8 Differences Between City and Rural Life

8 Differences Between City and Rural Life

The essence of big cities has made me a city girl

Nearly two months ago, I left Beijing, a major city in China in which I lived for 18 years, and came to a rural town called South Hadley where I go to college. This is a huge change for me, not only with respect to the cultural gap between the US and China, but also the difference between living in a city versus a small town. Being raised alongside large populations, squashed residential buildings among clusters of skyscrapers, easy access to modernized commodities and constant hullabaloo everywhere—all the essence of a big city has formed inside me a typical character of a city girl.

I went to New York before coming to South Hadley when I first came to the States, and I went back to that city last week. I travel back and forth between a city and a town, combining these experiences with my previous ones in living in both environments.


Size of the crowd is the most significant difference one notices when they travel from a big city to a small town. This difference is better to be sensed with eyes and ears rather than to be demonstrated concretely with actual data. Walking down side paths without having to shoulder through the crowd, crossing empty streets at 7 in the evening, stepping outside the house feeling no rough noises drumming into ears…Small population makes the tranquility of a suburban town.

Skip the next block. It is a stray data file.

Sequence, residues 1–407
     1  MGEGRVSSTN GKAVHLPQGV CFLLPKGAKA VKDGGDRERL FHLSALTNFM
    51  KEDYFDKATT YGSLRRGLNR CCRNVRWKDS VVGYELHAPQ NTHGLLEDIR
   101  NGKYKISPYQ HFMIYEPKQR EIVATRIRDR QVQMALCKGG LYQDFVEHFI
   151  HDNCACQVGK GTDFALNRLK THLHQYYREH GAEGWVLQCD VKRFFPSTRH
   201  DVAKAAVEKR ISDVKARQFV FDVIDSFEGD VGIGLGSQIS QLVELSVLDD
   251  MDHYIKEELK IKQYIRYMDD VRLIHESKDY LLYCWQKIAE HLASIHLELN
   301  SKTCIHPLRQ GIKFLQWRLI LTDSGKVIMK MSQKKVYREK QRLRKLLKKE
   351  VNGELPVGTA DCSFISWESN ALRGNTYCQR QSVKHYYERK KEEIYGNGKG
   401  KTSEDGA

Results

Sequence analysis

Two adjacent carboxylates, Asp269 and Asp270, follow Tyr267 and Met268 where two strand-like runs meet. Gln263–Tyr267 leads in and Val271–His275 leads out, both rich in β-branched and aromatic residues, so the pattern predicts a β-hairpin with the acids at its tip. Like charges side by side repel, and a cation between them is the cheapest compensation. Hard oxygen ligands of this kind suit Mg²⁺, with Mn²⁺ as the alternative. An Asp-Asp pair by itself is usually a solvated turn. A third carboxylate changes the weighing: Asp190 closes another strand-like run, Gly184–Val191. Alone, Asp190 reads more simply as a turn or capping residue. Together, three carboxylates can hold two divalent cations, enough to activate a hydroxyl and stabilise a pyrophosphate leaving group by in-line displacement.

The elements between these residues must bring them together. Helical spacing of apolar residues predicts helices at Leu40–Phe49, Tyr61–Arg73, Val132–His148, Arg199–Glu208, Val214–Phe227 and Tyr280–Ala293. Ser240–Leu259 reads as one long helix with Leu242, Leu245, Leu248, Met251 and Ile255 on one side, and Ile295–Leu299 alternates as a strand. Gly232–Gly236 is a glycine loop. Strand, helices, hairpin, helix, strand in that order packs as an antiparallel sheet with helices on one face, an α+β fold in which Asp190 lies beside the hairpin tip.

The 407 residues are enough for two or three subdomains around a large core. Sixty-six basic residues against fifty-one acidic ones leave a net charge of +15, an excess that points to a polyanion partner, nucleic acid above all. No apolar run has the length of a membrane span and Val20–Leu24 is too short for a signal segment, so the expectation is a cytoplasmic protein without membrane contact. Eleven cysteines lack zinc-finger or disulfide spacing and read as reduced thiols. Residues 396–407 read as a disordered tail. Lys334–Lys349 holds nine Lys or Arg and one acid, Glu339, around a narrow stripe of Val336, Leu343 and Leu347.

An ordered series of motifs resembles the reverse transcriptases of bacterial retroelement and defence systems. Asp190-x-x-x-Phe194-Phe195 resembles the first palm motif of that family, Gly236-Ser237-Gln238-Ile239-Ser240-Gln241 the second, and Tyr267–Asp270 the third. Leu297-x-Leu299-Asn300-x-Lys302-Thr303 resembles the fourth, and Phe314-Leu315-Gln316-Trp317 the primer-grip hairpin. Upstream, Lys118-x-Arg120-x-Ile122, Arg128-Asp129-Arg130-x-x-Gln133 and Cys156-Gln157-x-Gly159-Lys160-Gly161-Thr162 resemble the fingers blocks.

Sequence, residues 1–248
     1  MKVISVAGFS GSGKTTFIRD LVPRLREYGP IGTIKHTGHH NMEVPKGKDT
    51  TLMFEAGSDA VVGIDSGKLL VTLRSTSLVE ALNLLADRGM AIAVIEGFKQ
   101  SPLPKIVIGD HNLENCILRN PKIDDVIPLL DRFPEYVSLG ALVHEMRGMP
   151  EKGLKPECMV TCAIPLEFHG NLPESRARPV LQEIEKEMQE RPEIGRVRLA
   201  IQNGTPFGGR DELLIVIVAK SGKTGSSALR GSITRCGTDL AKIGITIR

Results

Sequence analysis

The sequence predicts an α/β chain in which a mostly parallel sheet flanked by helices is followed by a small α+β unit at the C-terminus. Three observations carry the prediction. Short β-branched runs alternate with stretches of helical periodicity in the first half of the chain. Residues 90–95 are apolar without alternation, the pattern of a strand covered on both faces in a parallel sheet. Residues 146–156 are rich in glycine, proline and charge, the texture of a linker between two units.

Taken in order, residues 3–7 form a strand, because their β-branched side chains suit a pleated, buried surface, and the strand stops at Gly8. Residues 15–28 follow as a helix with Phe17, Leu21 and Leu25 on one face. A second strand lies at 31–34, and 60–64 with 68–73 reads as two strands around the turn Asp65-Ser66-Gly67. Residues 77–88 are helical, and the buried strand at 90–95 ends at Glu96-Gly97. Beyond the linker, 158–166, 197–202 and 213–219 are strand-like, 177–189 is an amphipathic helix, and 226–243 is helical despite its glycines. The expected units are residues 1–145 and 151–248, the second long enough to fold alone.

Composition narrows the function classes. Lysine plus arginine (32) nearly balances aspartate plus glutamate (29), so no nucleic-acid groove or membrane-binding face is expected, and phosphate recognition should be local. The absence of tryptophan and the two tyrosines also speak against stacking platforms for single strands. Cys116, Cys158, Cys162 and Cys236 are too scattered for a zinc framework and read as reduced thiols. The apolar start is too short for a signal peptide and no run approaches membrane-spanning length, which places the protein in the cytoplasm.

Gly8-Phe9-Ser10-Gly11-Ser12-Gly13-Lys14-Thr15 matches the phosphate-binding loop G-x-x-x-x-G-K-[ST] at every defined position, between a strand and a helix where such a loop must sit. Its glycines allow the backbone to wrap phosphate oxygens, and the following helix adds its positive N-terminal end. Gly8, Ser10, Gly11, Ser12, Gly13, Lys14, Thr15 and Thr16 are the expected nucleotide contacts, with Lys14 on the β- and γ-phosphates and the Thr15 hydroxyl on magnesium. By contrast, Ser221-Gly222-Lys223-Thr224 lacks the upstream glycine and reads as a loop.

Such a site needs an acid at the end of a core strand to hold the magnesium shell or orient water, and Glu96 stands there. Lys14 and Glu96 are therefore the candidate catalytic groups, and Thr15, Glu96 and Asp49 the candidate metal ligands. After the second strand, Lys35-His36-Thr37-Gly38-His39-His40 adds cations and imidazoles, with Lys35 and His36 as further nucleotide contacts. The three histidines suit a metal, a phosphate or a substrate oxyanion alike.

2-Residential Style

Lovely rural villas can be found scattered amongst fields of wheat and corn. Houses rarely reach to 3-floors in height and are never packed into dense, suffocating blocks, like in big cities. Skyscrapers are the symbol of cities. A large population forces cities to occupy space upwards because expanding space on the ground level is no longer an option. People’s lifestyles differ greatly along with this disparity of building style.


Small populations bring people closer to one another. Most people in small towns have been in the community all their lives, and this familiarity elevates neighbor relationships into a more intimate sentiment that comes closer to kinship.